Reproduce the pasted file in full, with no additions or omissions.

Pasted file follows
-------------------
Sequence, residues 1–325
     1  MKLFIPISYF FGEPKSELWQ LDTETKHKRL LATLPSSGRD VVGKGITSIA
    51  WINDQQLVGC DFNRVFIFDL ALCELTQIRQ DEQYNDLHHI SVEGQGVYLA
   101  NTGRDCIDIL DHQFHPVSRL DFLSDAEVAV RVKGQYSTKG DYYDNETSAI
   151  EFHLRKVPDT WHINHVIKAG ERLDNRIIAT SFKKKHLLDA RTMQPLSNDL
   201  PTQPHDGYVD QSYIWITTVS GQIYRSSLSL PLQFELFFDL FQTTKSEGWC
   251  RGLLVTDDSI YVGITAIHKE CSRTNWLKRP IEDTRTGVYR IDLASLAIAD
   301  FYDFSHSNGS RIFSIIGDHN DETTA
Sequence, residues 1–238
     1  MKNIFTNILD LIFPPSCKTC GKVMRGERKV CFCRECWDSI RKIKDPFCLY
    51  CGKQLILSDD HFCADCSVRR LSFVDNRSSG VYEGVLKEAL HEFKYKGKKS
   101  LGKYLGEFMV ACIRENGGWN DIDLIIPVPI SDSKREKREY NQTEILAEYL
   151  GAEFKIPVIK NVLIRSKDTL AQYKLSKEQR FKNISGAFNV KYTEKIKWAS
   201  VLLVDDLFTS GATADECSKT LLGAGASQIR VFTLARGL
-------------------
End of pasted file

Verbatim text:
Sequence, residues 1–325
     1  MKLFIPISYF FGEPKSELWQ LDTETKHKRL LATLPSSGRD VVGKGITSIA
    51  WINDQQLVGC DFNRVFIFDL ALCELTQIRQ DEQYNDLHHI SVEGQGVYLA
   101  NTGRDCIDIL DHQFHPVSRL DFLSDAEVAV RVKGQYSTKG DYYDNETSAI
   151  EFHLRKVPDT WHINHVIKAG ERLDNRIIAT SFKKKHLLDA RTMQPLSNDL
   201  PTQPHDGYVD QSYIWITTVS GQIYRSSLSL PLQFELFFDL FQTTKSEGWC
   251  RGLLVTDDSI YVGITAIHKE CSRTNWLKRP IEDTRTGVYR IDLASLAIAD
   301  FYDFSHSNGS RIFSIIGDHN DETTA
Sequence, residues 1–238
     1  MKNIFTNILD LIFPPSCKTC GKVMRGERKV CFCRECWDSI RKIKDPFCLY
    51  CGKQLILSDD HFCADCSVRR LSFVDNRSSG VYEGVLKEAL HEFKYKGKKS
   101  LGKYLGEFMV ACIRENGGWN DIDLIIPVPI SDSKREKREY NQTEILAEYL
   151  GAEFKIPVIK NVLIRSKDTL AQYKLSKEQR FKNISGAFNV KYTEKIKWAS
   201  VLLVDDLFTS GATADECSKT LLGAGASQIR VFTLARGL